The issue with both ESB and EAI, in comparison, is that they require highly skilled individuals for projects that often have long durations.  

Application integration examples and use cases

When Delek Motors wanted to progress its digital transformation into application integration, it partnered with OpenLegacy. It leveraged the OpenLegacy platform to work with its Microsoft CRM and IBM AS/400 applications. 

This particular partnership produced a 20% Salesforce productivity improvement for Delek and created a good foundation for their later work with digital restructuring.  

According to Ruth Hirsch, Deputy CIO at Delek Motors: “The Microsoft CRM implementation is part of a bigger project at Delek to combine legacy applications with new technologies, offering our users uniform and friendly interfaces. OpenLegacy made the integration between the AS/400 applications and the CRM fast and painless.”

Enhance your application integration strategy with OpenLegacy

Application integration strategies inevitably take time. There are multiple phases and many separate roll-outs, for example of new processes or technology, before you’re finished. 

As in the example above, just because you’ve had success with one part of your digital restructuring, doesn’t mean the work is done. In fact, most would say that the work of improving a business is never really finished.  

What the Delek Motors example does tell us, though, is that you can have many big (or small) wins along the way. You might not be able to set these in stone at the start of your project, but you can celebrate your successes as you go, just like you would with any project milestone. 

Partner with OpenLegacy, and develop an application integration strategy that gives your digital transformation the boost it deserves.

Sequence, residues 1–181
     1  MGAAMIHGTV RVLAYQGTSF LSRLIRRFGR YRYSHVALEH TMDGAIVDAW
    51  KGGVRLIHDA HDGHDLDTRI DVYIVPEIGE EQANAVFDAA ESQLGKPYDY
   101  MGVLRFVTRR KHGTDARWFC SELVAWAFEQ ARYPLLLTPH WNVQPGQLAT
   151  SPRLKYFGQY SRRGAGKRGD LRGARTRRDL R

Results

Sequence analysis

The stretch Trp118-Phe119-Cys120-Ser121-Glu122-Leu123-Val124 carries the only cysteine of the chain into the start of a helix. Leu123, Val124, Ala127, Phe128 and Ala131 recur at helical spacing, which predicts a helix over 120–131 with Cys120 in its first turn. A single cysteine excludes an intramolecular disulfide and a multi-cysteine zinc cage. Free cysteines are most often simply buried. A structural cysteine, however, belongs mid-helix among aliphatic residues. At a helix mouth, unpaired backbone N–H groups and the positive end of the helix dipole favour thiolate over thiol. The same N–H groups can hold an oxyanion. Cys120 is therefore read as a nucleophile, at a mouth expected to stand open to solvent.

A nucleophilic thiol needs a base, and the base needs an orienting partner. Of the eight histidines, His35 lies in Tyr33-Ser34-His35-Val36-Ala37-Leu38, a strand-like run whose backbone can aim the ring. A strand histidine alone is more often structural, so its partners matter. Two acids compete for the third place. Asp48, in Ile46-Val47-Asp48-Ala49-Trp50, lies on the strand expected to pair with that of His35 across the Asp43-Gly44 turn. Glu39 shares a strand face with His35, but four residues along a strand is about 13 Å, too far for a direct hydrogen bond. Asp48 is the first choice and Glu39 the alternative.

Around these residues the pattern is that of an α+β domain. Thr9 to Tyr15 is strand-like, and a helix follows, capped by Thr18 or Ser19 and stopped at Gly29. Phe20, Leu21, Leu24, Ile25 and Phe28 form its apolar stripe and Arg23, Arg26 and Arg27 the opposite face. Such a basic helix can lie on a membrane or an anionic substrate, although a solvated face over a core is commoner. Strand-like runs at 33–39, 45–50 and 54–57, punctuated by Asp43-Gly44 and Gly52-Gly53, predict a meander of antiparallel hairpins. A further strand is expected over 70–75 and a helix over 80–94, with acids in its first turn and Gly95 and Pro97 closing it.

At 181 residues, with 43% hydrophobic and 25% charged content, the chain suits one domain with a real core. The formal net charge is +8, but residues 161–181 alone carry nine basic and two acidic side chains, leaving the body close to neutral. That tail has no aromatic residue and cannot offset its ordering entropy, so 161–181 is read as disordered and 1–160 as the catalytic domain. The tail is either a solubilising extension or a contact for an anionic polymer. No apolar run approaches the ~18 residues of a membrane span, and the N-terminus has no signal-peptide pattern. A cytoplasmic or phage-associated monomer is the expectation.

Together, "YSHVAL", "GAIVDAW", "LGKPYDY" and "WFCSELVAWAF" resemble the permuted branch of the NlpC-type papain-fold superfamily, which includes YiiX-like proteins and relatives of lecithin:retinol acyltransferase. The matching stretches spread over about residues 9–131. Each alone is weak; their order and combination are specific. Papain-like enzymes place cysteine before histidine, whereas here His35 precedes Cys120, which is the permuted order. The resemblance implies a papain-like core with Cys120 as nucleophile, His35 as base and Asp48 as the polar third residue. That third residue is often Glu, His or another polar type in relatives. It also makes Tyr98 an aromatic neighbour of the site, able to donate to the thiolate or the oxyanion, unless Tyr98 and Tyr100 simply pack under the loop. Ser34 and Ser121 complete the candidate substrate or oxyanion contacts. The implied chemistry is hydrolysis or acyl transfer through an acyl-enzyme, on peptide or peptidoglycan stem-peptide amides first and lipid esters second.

FAQs about application integrations

What are some common strategies in application integration?

Three strategies that we commonly see are:

  • Point-to-point. This involves direct communication between applications. It normally necessitates a highly skilled and tech-heavy implementation process. 
  • Hub-and-spoke (or EAI). A strategy involving a “hub” system with several “spoke” applications. This process is designed to work with middleware-heavy and legacy systems. It tends to add more middle layers. 
  • ESB or iPaaS. Two popular choices for application integration in 2023. ESB adds processors to each “spoke” in a hub-and-spoke system while iPaaS systems take a user-first approach. This results in a highly usable interface that does most of the good work of an ESB system in the background. 

What are the challenges of application integration?

The three most common issues that affect application integration projects are: 

      1. A lack of data accessibility. Even for the most tech-savvy companies, data inaccessibility can be an issue. This is usually due to inadequate connections between cloud apps or certain data being left in on-premises legacy databases or aged apps.  
      2. Complexity. Application integration requires you to do more than merely connect one app to another. You have to understand exactly what’s happening to your data and the potential fallout from changing the status quo.
      3. A lack of information. Some companies are also guilty of providing inadequate training and information to users.  This can leave them unaware of how to use and take advantage of integrations. The solution is to keep detailed documentation that is easily accessible to users. 

What is the difference between application integration and data integration?

Data integration is one part of application integration. In short, data integration is the phase of application integration that involves how you deal with the data coming from your separate apps, where it’s going, how it’s translated, and how it’s stored. 

Our four-level breakdown of an application integration project above goes into more detail.